"Trials" Impacting AAA, Non-Commercial, and Specialty Shows Now!
Fourth Album, Host, out September 18th via Sinderlyn
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Today Cults, aka multi-instrumentalist/singer Madeline Follin and multi-instrumentalist Brian Oblivion, announce their fourth studio album Host out September 18 via Sinderlyn. Along with the announcement, the duo share their second single “Trials” that focuses on the power that addictions and harmful ideologies have to transform. The chorus walks a tightrope between a metaphor for gaslighting and a despairing concern about the person you still hold out hope for. This follows the pulsating single "Spit You Out" that Stereogum describes as “hard-hitting, effervescent” and Consequence of Sound compares to a “My Bloody Valentine sample.”
Cults were deep into the process of recording Host when Follin let a secret slip. “In the past, I’d never brought my own music to the table because I was just too shy,” says Follin. “When Shane and I heard what Madeline had written, we couldn’t believe it,” says Oblivion. “The music just floored us.” What followed was a radical reimagining, both of the band’s sound and its dynamic, and the result is Cults’ utterly mesmerizing new album. Host was co-produced by Cults and Shane Stoneback, mixed by John Congleton, mastered by Heba Kadry, and features Loren Shane Humphrey, (Last Shadow Puppets, Florence and the Machine, Guards) on drums. Written more collaboratively than ever before and recorded primarily with live instruments for the first time, the collection marks the start of a bold new chapter for the band, one fueled by an ever-deepening trust and a boundless appetite for growth and experimentation. The songs here are deceptively charming, with lush, airy arrangements that belie their dark, weighty lyrics, and the production is rich and multifaceted to match, blending retro and futuristic palettes into a spellbinding swirl of high-def indie rock and lo-fi bedroom pop. As its title suggests, Host is an exploration of the sinister dynamics at play in a parasitic relationship, but rather than dwell in the discomfort, the record charts a cathartic journey towards freedom and self-reliance, reveling in the power that comes from standing your ground and declaring independence in the face of exploitation and manipulation.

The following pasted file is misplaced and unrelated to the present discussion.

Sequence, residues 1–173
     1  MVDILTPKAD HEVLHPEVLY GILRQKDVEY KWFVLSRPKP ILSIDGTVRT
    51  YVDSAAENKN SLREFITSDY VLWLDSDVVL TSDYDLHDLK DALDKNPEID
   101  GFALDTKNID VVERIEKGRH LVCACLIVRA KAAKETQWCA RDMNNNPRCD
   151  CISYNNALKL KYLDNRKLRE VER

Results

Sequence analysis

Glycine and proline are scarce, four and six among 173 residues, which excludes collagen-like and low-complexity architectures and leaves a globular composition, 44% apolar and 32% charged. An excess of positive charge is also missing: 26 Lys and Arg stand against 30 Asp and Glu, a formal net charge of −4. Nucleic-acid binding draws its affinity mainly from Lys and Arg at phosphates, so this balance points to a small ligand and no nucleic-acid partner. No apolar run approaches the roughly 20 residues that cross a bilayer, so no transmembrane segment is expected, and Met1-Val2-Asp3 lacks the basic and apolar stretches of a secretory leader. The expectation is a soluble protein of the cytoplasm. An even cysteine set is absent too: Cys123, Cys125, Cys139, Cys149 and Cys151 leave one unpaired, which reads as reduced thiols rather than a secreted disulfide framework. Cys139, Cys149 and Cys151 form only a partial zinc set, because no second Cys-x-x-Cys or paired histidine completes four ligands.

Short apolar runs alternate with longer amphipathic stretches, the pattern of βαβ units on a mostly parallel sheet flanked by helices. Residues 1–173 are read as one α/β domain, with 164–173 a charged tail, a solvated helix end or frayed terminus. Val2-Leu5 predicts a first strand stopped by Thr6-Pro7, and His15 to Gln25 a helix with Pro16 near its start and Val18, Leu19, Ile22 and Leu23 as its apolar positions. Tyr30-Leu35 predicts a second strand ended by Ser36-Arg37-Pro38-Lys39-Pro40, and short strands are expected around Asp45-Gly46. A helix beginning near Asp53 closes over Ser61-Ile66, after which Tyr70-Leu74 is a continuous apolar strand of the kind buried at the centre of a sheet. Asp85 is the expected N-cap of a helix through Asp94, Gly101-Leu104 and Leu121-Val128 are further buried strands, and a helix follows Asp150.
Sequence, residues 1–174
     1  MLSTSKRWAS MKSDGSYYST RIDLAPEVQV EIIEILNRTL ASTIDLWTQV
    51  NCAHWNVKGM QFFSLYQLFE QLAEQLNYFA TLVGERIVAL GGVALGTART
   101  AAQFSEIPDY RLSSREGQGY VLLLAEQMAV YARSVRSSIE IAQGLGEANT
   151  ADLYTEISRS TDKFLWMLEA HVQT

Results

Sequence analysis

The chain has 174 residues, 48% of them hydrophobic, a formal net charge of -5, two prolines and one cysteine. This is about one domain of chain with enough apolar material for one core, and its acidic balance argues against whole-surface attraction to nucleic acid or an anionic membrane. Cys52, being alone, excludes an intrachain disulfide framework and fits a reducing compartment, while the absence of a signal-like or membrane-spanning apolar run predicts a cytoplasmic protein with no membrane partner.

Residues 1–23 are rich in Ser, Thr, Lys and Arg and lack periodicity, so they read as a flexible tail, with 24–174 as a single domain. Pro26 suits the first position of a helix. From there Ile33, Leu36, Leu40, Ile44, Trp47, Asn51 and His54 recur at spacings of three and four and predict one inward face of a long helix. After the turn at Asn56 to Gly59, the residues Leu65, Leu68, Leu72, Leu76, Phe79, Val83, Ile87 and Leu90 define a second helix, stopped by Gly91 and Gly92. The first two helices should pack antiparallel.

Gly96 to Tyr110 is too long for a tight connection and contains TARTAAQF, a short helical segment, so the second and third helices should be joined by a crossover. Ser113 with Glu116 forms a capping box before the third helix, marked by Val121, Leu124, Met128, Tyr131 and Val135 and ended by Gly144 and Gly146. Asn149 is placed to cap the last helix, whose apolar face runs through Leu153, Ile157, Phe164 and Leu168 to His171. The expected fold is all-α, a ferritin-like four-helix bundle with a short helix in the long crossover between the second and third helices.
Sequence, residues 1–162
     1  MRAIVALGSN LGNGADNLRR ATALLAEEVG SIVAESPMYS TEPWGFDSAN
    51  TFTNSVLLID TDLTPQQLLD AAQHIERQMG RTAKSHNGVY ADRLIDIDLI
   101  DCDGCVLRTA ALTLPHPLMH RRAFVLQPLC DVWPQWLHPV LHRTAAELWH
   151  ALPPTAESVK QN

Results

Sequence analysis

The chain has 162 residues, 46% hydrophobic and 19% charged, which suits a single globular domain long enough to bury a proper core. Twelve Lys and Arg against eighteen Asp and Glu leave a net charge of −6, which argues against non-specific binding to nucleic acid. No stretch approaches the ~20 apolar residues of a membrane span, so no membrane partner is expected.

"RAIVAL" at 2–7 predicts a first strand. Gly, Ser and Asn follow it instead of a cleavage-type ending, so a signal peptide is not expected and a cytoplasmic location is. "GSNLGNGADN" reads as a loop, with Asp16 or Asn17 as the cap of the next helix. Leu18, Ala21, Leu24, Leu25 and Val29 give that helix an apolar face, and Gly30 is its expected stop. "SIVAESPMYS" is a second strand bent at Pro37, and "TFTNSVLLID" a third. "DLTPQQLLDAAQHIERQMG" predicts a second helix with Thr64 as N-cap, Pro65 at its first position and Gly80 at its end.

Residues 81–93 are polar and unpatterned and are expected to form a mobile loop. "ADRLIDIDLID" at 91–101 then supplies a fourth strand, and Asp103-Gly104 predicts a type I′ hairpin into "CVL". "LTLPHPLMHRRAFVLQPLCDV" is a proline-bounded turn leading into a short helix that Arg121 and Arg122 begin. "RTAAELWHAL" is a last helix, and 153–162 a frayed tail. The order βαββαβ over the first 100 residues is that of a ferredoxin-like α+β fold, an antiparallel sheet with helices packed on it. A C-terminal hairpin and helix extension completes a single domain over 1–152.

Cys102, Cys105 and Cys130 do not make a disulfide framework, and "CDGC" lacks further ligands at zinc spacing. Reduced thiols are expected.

Formed while Follin and Oblivion were still just students in college, Cults released “Go Outside.” Both a commercial and critical smash, the track would go on to rack up more than 40 million streams on Spotify, land in soundtracks everywhere from Broad City to Gossip Girl , and help the band score a major label deal for their self – titled debut, released the following year on Columbia Records. Pitchfork called the album “catchy and sweet,” cutting “1960’s girl – pop…with synths, guitars, and softly integrated samples,” while the New Yorker lauded the band’s “agonizingly catchy vintage – pop.” The duo followed it up with the similarly celebrated ‘Static’ in 2013, and they returned in peak form four years later with ‘Offering,’ that Billboard described as a “luxury…(head)banger,” and AV Club praised their music “a magic carpet ride over hand-clap-heavy canyons of California pop.” Over the year they’ve built up a devoted audience along the way through relentless headline touring and festival appearances at Bonnaroo, Lollapalooza, Coachella, Austin City Limits, and more.